Matt is on the road so I’m kicking off the discussion this week.
I enjoyed Franka’s approach to finding intimate and abstract scenes at iconic locations. She has also inspired me to get out when the weather is foggy and rainy to see what I can find.
What from the discussion resonated with you?
To me it seems that intimate scenes are becoming popular amongst photographers. Do you think it will catch on outside the community?
Remarkable interview and life. I looked at Franka’s website which has a prodigious body of work. I enjoy her realistic post-processing style, however the Super Moon rise over half dome was either a huge telephoto lens or a composite. Compare to Ansel Adams’ Moon and Half Dome to see the true proportion of the moon to that monolith.
Regarding your last question, while grand landscape vistas seem to have been a major theme in contemporary landscape photography especially in the past 15 years, it is not a new concept. Eliot Porter published an entire book titled, “Intimate Landscapes” in 1979, but the style goes back well before then. His book is still available and highly recommended for students of landscape photography. He was probably the single biggest influence in my early photography.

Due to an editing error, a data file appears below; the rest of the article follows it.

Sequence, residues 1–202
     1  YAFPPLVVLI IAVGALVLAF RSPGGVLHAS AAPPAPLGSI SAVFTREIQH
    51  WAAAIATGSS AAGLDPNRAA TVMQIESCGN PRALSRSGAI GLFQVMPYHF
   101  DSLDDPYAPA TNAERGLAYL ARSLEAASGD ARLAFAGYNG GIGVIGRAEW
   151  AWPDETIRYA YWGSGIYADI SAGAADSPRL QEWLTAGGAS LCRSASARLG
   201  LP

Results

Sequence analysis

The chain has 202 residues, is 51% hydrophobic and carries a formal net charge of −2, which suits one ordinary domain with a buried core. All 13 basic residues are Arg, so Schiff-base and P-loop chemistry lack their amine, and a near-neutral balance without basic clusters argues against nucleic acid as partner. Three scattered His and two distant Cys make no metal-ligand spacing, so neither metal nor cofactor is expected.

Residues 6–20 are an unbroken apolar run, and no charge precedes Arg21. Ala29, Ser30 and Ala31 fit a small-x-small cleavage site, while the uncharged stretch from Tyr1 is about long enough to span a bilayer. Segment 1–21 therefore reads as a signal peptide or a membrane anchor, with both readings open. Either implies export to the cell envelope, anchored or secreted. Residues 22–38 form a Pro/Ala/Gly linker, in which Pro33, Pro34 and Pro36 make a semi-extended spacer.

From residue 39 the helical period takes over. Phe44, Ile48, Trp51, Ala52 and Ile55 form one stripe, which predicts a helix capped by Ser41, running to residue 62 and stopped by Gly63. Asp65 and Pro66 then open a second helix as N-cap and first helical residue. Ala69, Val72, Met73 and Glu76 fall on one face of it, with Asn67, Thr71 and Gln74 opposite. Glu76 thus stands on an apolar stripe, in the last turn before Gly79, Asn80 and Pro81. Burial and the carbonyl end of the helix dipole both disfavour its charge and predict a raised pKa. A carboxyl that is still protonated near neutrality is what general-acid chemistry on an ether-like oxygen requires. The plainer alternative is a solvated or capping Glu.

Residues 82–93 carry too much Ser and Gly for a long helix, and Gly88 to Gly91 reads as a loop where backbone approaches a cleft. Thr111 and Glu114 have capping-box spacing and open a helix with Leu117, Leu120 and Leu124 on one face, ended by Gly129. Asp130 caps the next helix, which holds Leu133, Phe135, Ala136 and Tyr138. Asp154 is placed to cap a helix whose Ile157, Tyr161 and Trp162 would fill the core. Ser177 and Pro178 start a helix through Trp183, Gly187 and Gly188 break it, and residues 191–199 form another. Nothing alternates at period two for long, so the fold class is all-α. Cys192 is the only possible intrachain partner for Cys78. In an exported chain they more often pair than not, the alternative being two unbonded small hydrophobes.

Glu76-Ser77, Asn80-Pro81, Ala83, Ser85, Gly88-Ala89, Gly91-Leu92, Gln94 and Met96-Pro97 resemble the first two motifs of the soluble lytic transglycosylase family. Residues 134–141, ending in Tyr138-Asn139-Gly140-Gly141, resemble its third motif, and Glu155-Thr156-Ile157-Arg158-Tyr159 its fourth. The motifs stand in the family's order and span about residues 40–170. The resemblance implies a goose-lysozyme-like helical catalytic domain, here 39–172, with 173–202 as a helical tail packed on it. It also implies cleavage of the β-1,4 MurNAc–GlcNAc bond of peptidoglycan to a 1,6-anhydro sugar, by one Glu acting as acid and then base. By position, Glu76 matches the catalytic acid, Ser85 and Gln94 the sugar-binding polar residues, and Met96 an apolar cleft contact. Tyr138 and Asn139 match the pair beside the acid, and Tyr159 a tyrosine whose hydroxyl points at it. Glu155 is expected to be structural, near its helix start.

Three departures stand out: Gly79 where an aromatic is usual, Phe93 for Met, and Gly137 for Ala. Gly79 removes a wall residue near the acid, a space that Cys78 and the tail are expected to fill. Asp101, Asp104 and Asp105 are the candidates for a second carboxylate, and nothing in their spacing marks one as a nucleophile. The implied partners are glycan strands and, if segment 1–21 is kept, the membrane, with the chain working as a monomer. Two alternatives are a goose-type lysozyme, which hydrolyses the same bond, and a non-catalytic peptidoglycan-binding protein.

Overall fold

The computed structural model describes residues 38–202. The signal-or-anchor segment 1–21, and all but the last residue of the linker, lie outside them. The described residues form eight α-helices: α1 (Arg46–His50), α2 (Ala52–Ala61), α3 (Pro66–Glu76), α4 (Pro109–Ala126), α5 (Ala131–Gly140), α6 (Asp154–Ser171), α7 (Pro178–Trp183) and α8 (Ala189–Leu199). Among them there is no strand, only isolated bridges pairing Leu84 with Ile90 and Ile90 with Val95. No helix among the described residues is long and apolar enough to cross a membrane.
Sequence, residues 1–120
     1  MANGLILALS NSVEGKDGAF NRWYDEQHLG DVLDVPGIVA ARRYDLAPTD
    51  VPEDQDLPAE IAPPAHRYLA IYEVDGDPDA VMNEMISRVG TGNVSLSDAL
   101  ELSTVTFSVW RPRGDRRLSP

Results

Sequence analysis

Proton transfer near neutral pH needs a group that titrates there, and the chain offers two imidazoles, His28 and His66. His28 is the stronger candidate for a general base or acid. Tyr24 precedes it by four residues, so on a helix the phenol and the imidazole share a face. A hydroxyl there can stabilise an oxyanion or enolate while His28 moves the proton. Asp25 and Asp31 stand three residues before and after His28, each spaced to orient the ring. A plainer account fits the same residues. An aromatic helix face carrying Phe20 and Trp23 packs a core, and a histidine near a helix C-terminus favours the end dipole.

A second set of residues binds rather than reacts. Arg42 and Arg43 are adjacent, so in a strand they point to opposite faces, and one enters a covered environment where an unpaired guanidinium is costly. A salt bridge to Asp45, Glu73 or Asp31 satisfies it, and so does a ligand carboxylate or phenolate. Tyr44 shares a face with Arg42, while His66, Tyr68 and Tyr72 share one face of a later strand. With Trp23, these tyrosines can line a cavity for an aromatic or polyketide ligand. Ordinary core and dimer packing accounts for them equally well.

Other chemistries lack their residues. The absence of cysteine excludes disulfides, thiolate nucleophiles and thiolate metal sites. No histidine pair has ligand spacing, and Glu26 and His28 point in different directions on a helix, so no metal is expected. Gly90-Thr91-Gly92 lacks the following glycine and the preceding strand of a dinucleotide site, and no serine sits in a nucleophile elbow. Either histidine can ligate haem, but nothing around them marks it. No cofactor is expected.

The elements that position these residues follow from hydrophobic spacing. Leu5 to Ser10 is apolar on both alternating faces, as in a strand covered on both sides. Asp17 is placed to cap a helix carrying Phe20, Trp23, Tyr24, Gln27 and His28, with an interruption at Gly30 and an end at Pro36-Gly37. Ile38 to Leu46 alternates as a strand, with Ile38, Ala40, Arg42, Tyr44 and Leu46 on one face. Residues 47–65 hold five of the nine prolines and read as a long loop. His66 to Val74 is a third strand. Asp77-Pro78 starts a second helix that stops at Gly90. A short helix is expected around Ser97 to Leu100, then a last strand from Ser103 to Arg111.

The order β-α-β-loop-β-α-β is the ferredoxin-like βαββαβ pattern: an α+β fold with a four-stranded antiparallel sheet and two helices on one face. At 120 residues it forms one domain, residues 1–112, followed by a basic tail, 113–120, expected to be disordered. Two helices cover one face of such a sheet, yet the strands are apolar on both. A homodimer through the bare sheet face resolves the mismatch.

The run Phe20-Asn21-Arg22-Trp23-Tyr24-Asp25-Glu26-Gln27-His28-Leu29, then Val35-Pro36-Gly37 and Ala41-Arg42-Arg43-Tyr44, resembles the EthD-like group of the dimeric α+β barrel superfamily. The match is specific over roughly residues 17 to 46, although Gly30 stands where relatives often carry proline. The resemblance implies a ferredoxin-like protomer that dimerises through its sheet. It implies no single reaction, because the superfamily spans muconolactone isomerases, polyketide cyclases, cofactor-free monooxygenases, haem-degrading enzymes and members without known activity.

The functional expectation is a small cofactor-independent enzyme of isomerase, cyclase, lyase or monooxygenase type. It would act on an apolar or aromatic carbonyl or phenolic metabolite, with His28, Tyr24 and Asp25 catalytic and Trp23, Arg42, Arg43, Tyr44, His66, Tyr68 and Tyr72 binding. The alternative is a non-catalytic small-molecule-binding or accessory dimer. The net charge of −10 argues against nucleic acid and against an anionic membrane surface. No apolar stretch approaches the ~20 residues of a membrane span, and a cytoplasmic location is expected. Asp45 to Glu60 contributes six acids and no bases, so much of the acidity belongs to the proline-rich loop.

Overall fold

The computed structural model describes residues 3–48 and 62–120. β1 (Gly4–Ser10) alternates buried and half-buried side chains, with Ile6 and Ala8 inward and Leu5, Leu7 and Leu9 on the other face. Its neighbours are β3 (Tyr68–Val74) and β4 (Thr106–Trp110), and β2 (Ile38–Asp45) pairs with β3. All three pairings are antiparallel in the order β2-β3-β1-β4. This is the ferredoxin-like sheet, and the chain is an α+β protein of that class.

However, whether or not such images will catch on outside the community is doubtful. The general public tends to like the dramatic, grand landscapes. I think it’s great that young photographers in recent years have “gotten over” the big landscape and are beginning to look around. The beauty of that is you probably don’t have to travel very far. You can save a lot of time and money on a trip to an icon by just taking a walk in your local woods or along your local stream, and in the process come up with images that probably are more personally rewarding. Icons are fun and everyone should photograph them, but quiet, personal photos that you discover are special in many ways.
Agree Timothy. Nature photography has always had people who focus on “intimate landscapes” like Porter, Burkett, Cramer, Neill, etc… I think the Internet is just now catching on a little bit within the social media influencer crowd but it’s always been there.
I loved her explanation of how she approaches a new location. She’s not looking for some predetermined scene or view but rather looking for great light that catches her eye. I take a very similar approach; when I’m scouring for more intimate compositions my eyes and mind seems to “catch” on the little areas where the light is doing something interesting. I’m usually skimming my surroundings until I catch the shiny object that stands out from the rest.
I found that some of her Yosemite work was of a familiar scene but with an intimate view. A different angle or perspective or a little extra detail that’s not common. It’s enjoyable to view